Cost of living: 'I don't put the heating on; I just wear my fleece' – BBC


By Kathryn Doherty
Journalist, 5 Live Impact

The rising cost of living has forced many people to make difficult choices. The BBC spoke to people in Leicester about what their options are.
Bhavna Patel says the rising cost of fuel has had an impact on her ability to get out and about.
"I want to go out for my mental health and for volunteering and helping other people, but I can't do that," said Bhavna, 51, a mother of two from Braunstone Town, Leicester.
I need fuel for emergencies… should I need to go [to the] doctor, if I've got no one to take me.
"I like to be independent and only ask for help when I absolutely need it – and to be independent I need fuel."
Bhavna is a former NHS worker who had to retire on health grounds.
Since leaving her job, she has done permitted work which means she can only work for a maximum of 16 hours a week.
"I'm making all the effort I can, heating-wise, in the house. If I'm alone, I don't put the heating on – I just wear my fleece or whatever," she said.
She said she has done a programme with a debt charity to look at areas where she might cut expenditure.
"Hence the long hair – I've not had a haircut," she said.
"I've had to cut down on everything, absolutely everything.
"I don't go out. I'm having to think all the time which then just puts me in depression because I'm just tired of thinking."
Sherylin Wileman, 22, who works in retail and lives in Loughborough, said she is concerned about stagnating wages.
"The cost of everything is rising, but wages aren't," she said.
"Retail is one of the lowest paid sectors across the country.
"If you want to lift yourself out of poverty, the problem is that work is insecure in this country."
She said she would like to see employment legislation changed to protect workers' rights better.
"We've got fire and rehire, we've got the gig economy," she said.
"You've got valid jobs being turned into apprenticeships."
Stacey, 33, from New Parks in Leicester, has two children and works 27 hours a week.
"I've paid my tax, paid my National Insurance so I've paid my way," she said.
"I should expect something back, a bit of help, but there's nothing out there at the minute.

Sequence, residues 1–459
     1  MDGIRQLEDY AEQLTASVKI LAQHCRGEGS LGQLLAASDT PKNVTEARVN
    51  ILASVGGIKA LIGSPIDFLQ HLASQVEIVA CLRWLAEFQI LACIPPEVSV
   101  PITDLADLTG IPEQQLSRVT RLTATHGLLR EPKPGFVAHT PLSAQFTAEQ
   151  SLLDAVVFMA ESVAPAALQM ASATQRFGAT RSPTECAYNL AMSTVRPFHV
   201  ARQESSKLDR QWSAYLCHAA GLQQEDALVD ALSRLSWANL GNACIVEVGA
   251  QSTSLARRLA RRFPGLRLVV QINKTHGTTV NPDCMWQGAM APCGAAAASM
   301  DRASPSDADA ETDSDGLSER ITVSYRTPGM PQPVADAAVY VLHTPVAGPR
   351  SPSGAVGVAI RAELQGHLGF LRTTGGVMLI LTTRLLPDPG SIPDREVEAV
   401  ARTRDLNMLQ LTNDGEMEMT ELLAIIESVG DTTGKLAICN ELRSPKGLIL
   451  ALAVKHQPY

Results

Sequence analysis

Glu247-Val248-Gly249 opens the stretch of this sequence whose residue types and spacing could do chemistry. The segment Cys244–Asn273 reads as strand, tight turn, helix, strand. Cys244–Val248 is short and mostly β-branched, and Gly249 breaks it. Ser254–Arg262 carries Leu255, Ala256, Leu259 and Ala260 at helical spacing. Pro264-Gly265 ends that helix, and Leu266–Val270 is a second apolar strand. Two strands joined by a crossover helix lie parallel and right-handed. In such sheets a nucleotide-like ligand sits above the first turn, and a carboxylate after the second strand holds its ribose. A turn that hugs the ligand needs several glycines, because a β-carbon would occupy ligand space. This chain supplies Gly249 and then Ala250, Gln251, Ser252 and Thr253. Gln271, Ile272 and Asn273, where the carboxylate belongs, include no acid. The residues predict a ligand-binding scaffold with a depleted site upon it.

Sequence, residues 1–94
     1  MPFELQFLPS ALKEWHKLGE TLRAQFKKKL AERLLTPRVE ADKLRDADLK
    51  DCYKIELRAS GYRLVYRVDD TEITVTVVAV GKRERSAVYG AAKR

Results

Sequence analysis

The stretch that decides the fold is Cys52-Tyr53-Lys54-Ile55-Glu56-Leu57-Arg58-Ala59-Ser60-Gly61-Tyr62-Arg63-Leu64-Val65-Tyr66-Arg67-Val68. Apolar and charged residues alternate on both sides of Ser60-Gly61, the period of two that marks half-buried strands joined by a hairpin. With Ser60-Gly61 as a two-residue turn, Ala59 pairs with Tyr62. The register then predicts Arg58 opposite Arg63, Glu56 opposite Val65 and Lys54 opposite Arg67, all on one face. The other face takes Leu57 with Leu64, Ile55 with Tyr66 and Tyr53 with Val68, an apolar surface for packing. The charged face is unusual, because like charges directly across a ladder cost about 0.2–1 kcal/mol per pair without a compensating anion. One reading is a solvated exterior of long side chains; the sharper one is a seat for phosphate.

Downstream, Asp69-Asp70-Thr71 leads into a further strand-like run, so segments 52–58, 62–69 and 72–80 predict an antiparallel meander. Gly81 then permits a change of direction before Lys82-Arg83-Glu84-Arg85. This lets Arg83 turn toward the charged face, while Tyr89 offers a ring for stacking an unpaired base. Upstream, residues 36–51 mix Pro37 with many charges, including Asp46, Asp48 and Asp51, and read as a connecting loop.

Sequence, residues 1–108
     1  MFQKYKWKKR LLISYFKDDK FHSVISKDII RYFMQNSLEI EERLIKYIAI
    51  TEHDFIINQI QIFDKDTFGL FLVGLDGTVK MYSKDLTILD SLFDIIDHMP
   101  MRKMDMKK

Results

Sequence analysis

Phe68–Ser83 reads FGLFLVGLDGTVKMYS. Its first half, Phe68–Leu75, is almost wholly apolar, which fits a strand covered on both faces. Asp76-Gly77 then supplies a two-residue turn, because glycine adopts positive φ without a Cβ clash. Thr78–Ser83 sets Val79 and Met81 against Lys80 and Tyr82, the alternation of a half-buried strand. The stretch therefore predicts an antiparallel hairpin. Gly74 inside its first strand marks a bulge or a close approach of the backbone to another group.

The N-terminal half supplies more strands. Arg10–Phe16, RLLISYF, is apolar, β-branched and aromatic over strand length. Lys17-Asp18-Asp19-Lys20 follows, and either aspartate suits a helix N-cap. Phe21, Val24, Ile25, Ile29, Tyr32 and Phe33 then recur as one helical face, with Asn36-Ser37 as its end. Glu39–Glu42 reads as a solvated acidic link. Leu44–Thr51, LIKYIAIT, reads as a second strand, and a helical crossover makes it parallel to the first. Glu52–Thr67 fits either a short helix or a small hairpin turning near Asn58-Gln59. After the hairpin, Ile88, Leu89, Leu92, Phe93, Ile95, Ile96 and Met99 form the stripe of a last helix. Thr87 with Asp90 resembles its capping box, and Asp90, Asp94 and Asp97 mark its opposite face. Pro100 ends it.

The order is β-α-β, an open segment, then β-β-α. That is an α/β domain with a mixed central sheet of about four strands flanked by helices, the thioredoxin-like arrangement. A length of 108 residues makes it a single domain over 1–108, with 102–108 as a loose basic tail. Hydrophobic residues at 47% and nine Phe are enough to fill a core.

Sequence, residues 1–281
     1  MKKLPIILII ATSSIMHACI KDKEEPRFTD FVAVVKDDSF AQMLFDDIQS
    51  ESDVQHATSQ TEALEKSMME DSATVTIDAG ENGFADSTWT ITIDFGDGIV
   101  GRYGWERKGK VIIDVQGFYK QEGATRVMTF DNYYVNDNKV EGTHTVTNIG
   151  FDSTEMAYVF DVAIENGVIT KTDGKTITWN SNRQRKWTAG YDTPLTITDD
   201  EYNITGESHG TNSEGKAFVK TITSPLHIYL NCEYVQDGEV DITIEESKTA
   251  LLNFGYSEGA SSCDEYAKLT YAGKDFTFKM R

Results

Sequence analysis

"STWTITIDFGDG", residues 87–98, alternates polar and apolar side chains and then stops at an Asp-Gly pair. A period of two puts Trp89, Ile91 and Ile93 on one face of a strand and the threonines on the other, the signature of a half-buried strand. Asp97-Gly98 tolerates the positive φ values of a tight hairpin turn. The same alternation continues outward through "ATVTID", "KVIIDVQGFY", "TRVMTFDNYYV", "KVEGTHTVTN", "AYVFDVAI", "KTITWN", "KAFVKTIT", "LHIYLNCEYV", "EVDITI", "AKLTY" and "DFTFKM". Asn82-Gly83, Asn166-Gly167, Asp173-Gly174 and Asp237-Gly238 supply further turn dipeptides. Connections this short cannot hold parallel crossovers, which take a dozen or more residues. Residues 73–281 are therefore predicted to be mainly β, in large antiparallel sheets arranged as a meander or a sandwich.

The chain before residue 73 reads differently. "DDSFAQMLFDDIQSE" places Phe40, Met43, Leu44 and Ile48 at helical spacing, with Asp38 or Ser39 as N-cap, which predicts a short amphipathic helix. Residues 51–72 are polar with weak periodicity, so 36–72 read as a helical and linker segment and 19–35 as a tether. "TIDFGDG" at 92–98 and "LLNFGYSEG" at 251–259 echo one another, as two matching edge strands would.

"Every April rent goes up, council tax – I can almost guarantee that's going to go up, it always does every year.
"My council tax bill is £130 – is that going to go up to £150?"
She said at Christmas she buys presents using buy now, pay later schemes.
"I get myself in debt and I have to pay it off," she said.
"I've got a bill coming up for £286; if it's not paid off by the 20th, I've got 49.6% APR on top of that.
"I don't know how I'm going to pay it and I've obviously got to find the money from somewhere."
She said she was having to make cutbacks.
"I have to sacrifice heating, I have to sacrifice nice food," she said.
"We don't eat out; we go budget supermarkets."
She added she was frustrated because she wanted to spend her wages on her family.
"I can't. I'm spending it to live," she said.
A HM Treasury spokesperson said: "We understand people are concerned about pressures on household budgets which is why the Chancellor announced a £9bn package to protect millions of households against the impact of rising global energy prices.
"These progressive measures are targeted to the people who really need it."
For more on this story, listen to 5 Live Drive on BBC Sounds.
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Are you affected by issues covered in this story? Are you a pay-as-you-go energy customer who has been going without gas and electricity ahead of the big price rises? Email haveyoursay@bbc.co.uk.
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